Showing posts with label Rosario Gambino. Show all posts
Showing posts with label Rosario Gambino. Show all posts

Sunday, October 12, 2014

Mafia Cops's Victim's Families Given Green-Light in Wrongful-Death Lawsuits

A federal judge has green-lighted the multimillion-dollar wrongful-death lawsuits filed against the city by the families of seven men slain in mob hits executed or aided by former two detectives Louis Eppolito and ex-Great Kills resident Stephen Caracappa.

In allowing the cases to proceed, District Judge Raymond J. Dearie said there was evidence to suggest the rubouts would not have occurred had Eppolito been kicked off the force or disciplined after he was "caught red-handed" passing confidential police records to a mobster in 1984.

The slayings took place between 1986 and 1991.

Dearie said evidence also indicated there was a "systemic failure" to address corruption under then-Police Commissioner Benjamin Ward. "The failure to discipline a detective who colludes with organized crime plainly courts the risk that that detective will do so again," wrote Dearie. "And it is likewise obvious that collusion between a police detective and organized crime might well lead, as it did in these cases, to unconstitutional harm to members of the public."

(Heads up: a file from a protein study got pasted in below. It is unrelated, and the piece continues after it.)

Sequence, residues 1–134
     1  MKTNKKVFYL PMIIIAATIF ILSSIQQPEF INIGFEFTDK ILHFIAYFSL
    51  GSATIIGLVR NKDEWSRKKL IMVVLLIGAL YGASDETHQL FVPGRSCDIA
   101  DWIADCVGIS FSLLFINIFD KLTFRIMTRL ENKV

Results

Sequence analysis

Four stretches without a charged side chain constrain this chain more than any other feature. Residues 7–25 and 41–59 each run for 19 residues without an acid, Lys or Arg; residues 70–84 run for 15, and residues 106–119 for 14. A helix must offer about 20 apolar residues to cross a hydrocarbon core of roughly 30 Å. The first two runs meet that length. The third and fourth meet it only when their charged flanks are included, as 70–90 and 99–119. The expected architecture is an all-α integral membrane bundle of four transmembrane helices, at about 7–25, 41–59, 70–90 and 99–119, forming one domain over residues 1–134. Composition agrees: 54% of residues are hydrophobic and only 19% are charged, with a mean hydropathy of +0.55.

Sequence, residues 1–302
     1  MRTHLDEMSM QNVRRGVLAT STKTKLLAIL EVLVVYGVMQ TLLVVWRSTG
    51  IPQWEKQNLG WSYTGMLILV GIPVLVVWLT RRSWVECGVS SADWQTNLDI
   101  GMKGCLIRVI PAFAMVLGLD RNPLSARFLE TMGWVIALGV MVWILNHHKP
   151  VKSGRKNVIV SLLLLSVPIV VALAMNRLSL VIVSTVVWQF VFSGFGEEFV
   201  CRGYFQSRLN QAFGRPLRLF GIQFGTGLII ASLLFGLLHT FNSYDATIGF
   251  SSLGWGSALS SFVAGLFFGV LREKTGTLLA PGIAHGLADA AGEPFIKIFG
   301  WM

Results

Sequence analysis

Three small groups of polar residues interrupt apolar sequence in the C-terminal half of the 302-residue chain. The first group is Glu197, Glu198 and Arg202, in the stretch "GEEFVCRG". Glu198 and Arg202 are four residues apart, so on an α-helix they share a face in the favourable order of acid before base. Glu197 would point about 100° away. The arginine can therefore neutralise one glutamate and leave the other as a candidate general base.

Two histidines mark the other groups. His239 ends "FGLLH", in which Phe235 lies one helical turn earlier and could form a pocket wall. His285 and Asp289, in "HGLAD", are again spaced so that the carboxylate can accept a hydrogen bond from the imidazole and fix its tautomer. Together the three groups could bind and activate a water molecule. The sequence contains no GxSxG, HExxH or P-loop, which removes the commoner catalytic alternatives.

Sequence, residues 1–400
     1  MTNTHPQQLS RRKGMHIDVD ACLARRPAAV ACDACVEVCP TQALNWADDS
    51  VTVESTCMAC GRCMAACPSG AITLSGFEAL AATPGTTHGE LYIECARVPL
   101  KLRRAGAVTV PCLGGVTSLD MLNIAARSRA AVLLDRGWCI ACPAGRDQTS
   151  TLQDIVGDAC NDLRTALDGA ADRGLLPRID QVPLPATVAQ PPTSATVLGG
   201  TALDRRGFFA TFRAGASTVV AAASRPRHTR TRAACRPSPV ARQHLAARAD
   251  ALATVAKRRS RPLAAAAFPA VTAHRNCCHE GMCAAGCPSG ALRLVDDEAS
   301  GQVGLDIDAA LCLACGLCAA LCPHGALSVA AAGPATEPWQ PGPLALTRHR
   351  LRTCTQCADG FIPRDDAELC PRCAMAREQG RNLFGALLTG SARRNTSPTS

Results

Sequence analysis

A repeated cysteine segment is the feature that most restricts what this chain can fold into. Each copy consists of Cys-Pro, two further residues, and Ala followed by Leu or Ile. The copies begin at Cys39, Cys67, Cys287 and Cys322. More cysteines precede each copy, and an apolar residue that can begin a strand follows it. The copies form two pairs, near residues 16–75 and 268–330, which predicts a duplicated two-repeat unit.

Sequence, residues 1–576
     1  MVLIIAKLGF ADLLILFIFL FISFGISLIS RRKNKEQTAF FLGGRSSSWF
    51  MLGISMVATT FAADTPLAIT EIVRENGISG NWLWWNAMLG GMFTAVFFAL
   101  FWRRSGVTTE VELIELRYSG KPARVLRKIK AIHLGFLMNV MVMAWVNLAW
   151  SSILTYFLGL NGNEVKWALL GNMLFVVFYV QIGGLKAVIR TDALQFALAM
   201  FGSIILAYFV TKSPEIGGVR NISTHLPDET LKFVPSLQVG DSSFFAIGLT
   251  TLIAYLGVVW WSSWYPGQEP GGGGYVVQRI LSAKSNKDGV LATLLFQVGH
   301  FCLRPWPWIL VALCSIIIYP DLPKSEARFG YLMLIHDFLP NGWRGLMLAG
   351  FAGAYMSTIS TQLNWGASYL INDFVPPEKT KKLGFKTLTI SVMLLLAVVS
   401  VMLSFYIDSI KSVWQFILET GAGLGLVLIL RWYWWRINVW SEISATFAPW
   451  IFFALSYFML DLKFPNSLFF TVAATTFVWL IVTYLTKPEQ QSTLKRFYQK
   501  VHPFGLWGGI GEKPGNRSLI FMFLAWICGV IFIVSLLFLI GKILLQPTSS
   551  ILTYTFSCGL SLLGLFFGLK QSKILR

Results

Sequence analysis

The judge further ruled the plaintiffs' families, who filed the suits in 2006 and 2007, had done so within statutory time limits.

Caracappa, 72, and Eppolito, 66, the so-called "Mafia Cops," are serving life sentences for their roles in the slayings, carried out at the behest of Luchese crime family underboss Anthony (Gaspipe) Casso, who later cooperated with authorities.

The two detectives were paid $4,000 a month to provide Casso with law-enforcement information. They received extra cash for murder contracts, including $70,000 for a hit on Eddie Lino, a Gambino crime family capo suspected of being involved in a failed assassination attempt on Casso, the ruling said.

Eppolito, whose father was a member of the Gambino crime family, retired from the NYPD in 1990. He played a bit part in Martin Scorsese's 1990 mob drama "GoodFellas" and launched an unsuccessful career as a screenwriter.

Caracappa retired in 1992 after establishing the Police Department's unit for mob murder investigations. In 2005, while awaiting trial to start and after posting bail, Caracappa had stayed with his mother in South Beach.